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The heterologous expression of proteins is often a crucial first step in not only investigating their function, but also in their industrial application. The functional assembly and aggregation of hydrophobins offers intriguing biotechnological applications from surface modification to drug delivery, yet make developing systems for their heterologous expression challenging. In this article, we describe the development of Pichia pastoris KM71H strains capable of solubly producing the full set of predicted Cordyceps militaris hydrophobins CMil1 (Class IA), CMil2 (Class II), and CMil3 (IM) at mg/L yields with the use of 6His-tags not only for purification but for their detection. This result further demonstrates the feasibility of using P. pastoris as a host organism for the production of hydrophobins from all Ascomycota Class I subdivisions (a classification our previous work defined) as well as Class II. We highlight the specific challenges related to the production of hydrophobins, notably the challenge in detecting the protein that will be described, in particular during the screening of transformants. Together with the literature, our results continue to show that P. pastoris is a suitable host for the soluble heterologous expression of hydrophobins with a wide range of properties. Full article
(This article belongs to the Special Issue Filamentous Fungi in White Biotechnology)
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Open AccessArticle Increase of Salt Tolerance in Carbon-Starved Cells of Rhodopseudomonas palustris Depending on Photosynthesis or Respiration
Microorganisms 2018, 6(1), 4; doi:10.3390/microorganisms6010004
Received: 1 December 2017 / Revised: 22 December 2017 / Accepted: 3 January 2018 / Published: 6 January 2018
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Abstract
Bacteria in natural environments are frequently exposed to nutrient starvation and survive against environmental stresses under non-growing conditions. In order to determine the energetic influence on survivability during starvation, changes in salt tolerance were investigated using the purple photosynthetic bacterium Rhodopseudomonas palustris after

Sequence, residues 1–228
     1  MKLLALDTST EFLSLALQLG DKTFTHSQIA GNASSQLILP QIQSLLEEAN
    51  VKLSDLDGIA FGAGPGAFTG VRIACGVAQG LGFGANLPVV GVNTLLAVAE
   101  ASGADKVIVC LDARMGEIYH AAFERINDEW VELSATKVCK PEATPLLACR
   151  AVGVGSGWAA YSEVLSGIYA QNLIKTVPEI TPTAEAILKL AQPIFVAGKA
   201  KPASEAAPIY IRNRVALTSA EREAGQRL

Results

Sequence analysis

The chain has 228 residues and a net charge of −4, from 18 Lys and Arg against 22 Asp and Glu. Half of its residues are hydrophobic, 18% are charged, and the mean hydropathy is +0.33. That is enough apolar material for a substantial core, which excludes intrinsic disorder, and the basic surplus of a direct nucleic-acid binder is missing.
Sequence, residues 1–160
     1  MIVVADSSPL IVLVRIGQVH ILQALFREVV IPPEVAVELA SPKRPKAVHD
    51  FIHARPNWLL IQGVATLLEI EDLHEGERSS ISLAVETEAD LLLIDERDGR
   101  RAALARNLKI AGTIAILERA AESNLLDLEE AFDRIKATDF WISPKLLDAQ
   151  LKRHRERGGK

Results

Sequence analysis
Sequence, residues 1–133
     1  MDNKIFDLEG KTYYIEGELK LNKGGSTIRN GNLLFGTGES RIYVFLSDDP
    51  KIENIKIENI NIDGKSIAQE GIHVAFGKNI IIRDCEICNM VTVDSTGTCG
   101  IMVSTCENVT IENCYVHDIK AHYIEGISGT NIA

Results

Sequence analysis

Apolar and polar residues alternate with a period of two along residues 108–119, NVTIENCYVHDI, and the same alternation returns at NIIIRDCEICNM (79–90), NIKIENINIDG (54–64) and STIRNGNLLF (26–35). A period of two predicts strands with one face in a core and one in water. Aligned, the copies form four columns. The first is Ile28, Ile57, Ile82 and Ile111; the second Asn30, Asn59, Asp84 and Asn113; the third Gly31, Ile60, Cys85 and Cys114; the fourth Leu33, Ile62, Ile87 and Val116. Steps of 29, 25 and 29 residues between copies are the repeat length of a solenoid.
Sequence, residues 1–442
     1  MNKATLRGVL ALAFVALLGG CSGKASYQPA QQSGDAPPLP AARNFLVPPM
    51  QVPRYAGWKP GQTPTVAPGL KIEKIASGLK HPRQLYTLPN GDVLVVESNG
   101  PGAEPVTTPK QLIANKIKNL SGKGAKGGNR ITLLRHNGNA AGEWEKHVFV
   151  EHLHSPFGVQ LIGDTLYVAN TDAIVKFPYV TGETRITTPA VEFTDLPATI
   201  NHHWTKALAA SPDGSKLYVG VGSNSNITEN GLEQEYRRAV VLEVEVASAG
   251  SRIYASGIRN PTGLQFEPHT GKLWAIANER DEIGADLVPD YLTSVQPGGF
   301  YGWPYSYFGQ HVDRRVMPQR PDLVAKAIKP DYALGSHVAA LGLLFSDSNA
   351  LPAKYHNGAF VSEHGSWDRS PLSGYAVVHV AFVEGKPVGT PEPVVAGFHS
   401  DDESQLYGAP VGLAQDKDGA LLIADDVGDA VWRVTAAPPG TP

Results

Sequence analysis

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Bacteria in natural environments are frequently exposed to nutrient starvation and survive against environmental stresses under non-growing conditions. In order to determine the energetic influence on survivability during starvation, changes in salt tolerance were investigated using the purple photosynthetic bacterium Rhodopseudomonas palustris after carbon starvation under photosynthetic conditions in comparison with anaerobic and aerobic dark conditions. Tolerance to a treatment with high concentration of salt (2.5 M NaCl for 1 h) was largely increased after starvation under anaerobically light and aerobically dark conditions. The starved cells under the conditions of photosynthesis or aerobic respiration contained high levels of cellular ATP, but starvation under the anaerobic dark conditions resulted in a decrease of cellular ATP contents. To observe the large increase of the salt tolerance, incubation of starved cells for more than 18 h under illumination was needed. These results suggest that the ATP-dependent rearrangement of cells induced salt tolerance. Full article
(This article belongs to the Special Issue Response of Microbial Communities to Environmental Changes)
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Open AccessArticle Enzymatic Preparation of 2,5-Furandicarboxylic Acid (FDCA)—A Substitute of Terephthalic Acid—By the Joined Action of Three Fungal Enzymes
Microorganisms 2018, 6(1), 5; doi:10.3390/microorganisms6010005
Received: 6 December 2017 / Revised: 5 January 2018 / Accepted: 6 January 2018 / Published: 9 January 2018
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Abstract
Enzymatic oxidation of 5-hydroxymethylfurfural (HMF) and its oxidized derivatives was studied using three fungal enzymes: wild-type aryl alcohol oxidase (AAO) from three fungal species, wild-type peroxygenase from Agrocybe aegerita (AaeUPO), and recombinant galactose oxidase (GAO). The effect of pH on different